Firmware microprogramming provides the interface between software and each subsystem, allowing the system to be tailored for most efficient execution of a given object code set.


All subsystems communicate with each other in a standardized format through the Internal Transfer Subsystem, which employs a common bus for intrasystem data traffic. The internal transfer subsystem controls data traffic, status checking and recording, and automatic answer (complete/incomplete) for the sending subsystem.
The subsystems function concurrent with and independent of each other for maximum processing efficiency.


Input/Output Subsystem components and characteristics are determined by the types of peripherals attached to the system, but can include any or all of the following:

Input/Output Link Controllers - I/O Link Controllers interface with peripherals through I/O Link Adapters, which are either built into individual peripherals or handle strings of peripherals, depending upon the nature of the device. Each I/O Link Controller supports up to four Link Adapters; the number of controllers per system will vary from none to a maximum of four, depending upon individual configuration requirements and 110 options selected.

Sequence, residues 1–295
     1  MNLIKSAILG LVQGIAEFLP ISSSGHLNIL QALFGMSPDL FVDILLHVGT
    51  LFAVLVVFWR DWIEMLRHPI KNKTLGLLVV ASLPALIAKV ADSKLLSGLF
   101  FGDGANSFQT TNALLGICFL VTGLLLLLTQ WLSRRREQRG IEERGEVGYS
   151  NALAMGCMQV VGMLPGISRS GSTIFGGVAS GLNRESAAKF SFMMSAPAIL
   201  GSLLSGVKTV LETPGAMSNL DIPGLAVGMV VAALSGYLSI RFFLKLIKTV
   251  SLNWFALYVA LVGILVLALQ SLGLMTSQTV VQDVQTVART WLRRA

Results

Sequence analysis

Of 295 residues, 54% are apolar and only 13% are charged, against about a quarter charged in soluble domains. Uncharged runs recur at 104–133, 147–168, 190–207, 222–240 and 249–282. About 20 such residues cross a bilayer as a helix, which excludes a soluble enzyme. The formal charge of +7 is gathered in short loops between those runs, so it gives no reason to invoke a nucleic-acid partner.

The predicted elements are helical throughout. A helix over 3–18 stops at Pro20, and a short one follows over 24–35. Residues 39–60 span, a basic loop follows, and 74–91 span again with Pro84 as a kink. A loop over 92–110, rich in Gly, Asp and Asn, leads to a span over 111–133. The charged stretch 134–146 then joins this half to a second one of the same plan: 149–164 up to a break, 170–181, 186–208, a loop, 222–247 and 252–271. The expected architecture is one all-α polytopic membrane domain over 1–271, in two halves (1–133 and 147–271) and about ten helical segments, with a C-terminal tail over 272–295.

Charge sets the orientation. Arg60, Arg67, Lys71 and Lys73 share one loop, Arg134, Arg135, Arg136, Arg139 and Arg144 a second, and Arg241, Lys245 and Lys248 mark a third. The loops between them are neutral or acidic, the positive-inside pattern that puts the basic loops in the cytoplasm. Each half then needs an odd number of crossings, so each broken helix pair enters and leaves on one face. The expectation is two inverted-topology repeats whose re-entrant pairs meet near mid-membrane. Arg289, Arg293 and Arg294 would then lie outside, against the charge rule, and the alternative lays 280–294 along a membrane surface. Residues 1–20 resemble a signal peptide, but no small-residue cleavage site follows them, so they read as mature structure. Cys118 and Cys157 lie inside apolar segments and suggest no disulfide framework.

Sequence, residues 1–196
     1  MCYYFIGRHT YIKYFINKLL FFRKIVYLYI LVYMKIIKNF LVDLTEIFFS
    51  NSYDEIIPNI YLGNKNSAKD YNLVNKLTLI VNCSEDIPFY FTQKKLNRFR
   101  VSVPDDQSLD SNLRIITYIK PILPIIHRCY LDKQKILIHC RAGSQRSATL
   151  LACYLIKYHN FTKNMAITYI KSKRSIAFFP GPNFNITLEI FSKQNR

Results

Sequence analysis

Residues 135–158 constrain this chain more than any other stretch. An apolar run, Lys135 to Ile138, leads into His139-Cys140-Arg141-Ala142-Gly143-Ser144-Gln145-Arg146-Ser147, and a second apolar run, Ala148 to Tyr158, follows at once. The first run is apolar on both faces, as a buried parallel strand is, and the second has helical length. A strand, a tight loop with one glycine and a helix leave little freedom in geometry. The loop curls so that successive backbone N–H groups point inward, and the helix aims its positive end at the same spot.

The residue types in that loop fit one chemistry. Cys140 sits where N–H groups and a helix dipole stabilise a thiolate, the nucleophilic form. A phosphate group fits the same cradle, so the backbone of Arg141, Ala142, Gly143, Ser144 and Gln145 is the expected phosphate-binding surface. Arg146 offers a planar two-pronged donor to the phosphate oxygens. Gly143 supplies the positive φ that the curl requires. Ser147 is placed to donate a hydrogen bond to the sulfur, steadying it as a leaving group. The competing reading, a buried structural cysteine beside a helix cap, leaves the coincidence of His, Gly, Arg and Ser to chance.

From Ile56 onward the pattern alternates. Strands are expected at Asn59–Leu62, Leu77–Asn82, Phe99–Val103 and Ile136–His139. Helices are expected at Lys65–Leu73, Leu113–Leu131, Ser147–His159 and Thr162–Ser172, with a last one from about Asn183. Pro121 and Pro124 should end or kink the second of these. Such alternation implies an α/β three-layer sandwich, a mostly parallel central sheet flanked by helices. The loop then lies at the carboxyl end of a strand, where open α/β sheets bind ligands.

Common Trunk Controller - Interfaces for standard NCR common trunks can also be included in the system to permit migration of certain existing peripherals that are not adaptable to I/O Link architecture. A maximum of two low- speed (50KB transfer rate) trunks, together with any number of high- speed (1 .2MB) trunks, may be attached to a system so long as the total number of IOLCís and common trunks does not exceed four.

 Integrated Disk Controller - The system will also accommodate one Integrated Disk Controller in addition to the maximum number of I/O Link Controllers and common trunks permitted. The controller drives up to three strings of eight disk spindles and provides direct memory access, so that processing units do not have to be interrupted during data transfer.